Maya glyph from the Pakal grave deciphered

'Yej' means 'cutting-edge' and is associated to martial events.
The basic shape of the glyph resembles the molars of a jaguar. (Photo: UNAM)
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Researchers from the Center of Maya Studies (CEM) from the Philological Research Institute (IIF) of the National Autonomous University of Mexico deciphered the Mayan glyph T514, "Yej", which means "cutting-edge" and is presented in numerous inscriptions depicting events like taking war prisoners, military entries to cities and other martial events of the Maya Classic period.

During the presentation, researcher Guillermo Bernal Romero explained that the glyph was found in a text 63 years ago at the top of the Temple of the Inscriptions in the archaeological area of Palenque, in Chiapas, compound whose crypt is the tomb of the King of Palenque, K'inich Janaab' Pakal.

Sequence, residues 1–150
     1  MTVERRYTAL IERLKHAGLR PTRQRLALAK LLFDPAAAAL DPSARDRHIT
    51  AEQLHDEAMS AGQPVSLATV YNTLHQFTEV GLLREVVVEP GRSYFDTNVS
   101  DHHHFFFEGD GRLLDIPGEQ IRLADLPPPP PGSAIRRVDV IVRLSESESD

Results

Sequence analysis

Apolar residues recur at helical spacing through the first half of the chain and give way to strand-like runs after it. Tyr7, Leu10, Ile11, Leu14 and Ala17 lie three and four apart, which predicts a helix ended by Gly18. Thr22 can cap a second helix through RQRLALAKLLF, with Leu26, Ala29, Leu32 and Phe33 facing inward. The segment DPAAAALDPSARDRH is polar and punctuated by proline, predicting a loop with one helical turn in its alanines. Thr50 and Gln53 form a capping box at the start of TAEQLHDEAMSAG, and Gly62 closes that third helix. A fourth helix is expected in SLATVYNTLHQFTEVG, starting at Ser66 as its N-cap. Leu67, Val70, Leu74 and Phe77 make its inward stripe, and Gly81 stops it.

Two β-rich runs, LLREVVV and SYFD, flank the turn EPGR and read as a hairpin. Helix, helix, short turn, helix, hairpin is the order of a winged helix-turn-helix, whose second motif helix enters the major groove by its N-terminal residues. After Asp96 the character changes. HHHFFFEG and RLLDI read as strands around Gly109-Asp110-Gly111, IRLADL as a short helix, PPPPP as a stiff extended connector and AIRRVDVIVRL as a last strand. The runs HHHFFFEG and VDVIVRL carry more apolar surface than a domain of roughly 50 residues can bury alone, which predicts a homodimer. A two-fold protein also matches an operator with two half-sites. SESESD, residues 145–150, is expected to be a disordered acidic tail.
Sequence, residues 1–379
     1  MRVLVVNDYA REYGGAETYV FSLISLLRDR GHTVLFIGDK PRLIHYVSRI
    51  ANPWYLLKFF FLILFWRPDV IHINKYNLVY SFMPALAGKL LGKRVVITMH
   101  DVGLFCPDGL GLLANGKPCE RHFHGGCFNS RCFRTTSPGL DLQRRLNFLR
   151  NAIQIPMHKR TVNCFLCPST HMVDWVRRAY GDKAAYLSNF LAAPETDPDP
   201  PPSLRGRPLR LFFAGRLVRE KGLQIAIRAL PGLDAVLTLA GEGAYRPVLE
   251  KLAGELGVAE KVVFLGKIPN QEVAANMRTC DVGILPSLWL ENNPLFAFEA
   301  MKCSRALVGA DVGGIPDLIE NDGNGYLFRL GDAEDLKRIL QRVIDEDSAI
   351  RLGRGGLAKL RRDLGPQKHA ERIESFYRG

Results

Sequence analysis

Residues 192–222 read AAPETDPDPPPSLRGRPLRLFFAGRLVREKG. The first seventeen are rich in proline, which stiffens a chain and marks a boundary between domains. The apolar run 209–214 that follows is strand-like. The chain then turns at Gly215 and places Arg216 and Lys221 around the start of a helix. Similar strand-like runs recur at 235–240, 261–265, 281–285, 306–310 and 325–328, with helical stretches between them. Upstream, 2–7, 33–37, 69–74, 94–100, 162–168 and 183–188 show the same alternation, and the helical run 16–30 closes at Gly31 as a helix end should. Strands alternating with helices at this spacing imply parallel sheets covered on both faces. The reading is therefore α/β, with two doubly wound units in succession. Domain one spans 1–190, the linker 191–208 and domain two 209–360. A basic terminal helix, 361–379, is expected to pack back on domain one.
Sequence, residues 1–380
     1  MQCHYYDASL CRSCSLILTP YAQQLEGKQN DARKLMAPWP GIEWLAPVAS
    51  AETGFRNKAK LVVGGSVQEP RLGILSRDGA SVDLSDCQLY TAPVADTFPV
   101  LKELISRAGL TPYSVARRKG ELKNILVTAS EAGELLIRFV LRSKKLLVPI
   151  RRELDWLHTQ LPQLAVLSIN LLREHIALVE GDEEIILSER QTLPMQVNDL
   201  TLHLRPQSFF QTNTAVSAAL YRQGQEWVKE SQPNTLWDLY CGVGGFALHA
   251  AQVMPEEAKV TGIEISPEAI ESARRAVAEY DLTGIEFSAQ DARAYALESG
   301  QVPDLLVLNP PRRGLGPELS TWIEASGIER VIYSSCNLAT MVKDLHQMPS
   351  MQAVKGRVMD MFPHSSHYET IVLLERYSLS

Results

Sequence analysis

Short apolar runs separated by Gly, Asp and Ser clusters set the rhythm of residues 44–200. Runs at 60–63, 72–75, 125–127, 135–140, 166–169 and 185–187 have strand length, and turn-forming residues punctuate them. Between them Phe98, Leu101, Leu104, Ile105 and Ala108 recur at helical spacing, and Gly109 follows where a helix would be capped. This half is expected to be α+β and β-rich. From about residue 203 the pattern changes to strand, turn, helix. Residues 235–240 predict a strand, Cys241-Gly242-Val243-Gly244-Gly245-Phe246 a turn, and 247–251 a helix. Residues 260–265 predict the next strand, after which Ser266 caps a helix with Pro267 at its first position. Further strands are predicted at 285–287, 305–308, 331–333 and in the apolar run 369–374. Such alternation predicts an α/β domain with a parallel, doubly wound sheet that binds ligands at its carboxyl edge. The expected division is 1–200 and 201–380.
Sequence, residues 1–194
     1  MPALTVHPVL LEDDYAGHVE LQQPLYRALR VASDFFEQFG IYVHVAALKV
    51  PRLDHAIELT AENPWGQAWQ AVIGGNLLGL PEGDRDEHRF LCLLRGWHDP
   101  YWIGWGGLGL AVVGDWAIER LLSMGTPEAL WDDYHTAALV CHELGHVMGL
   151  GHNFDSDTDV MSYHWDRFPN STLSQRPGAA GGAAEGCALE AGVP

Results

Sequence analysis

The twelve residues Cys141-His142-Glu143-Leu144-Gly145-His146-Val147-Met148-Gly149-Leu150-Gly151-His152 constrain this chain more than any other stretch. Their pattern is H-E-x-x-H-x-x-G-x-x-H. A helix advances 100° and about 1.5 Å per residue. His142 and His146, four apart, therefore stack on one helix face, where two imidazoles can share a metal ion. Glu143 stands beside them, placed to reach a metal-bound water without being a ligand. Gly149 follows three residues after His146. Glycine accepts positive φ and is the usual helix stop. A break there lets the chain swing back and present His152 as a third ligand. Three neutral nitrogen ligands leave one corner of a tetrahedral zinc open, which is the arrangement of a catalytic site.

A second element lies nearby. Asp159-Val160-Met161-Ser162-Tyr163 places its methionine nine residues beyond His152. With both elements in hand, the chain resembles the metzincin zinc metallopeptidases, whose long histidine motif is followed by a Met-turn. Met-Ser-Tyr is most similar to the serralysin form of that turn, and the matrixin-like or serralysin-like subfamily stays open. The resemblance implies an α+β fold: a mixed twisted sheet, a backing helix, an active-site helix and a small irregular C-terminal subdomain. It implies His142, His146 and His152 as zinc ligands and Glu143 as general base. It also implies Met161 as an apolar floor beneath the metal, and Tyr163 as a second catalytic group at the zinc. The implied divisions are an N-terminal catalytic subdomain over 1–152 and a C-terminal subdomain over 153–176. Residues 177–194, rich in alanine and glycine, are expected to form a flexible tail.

According to Bernal Romero, the badge is present in more than 50 Mayan inscriptions that, until the discovery, were kept from a precise meaning.

He added that after revealing the meaning of the glyph, situated as it was already mentioned in a text at the top of one of the panels of the Temple of the Inscriptions, the tomb of Pakal now reads as: "The Home of the Nine Sharp Spears".

He recalled that technology at the time prevented from decrypting the majority of the hieroglyphs, and after this discovery the sentence before mentioned is finally complete.

On a casual basis, the glyph is an integral part of names of burial enclosures including as the tomb of Pakal and other buildings associated with war, as well as titles of warriors. Among other contexts, it is a key to understanding the precise meaning of these records.

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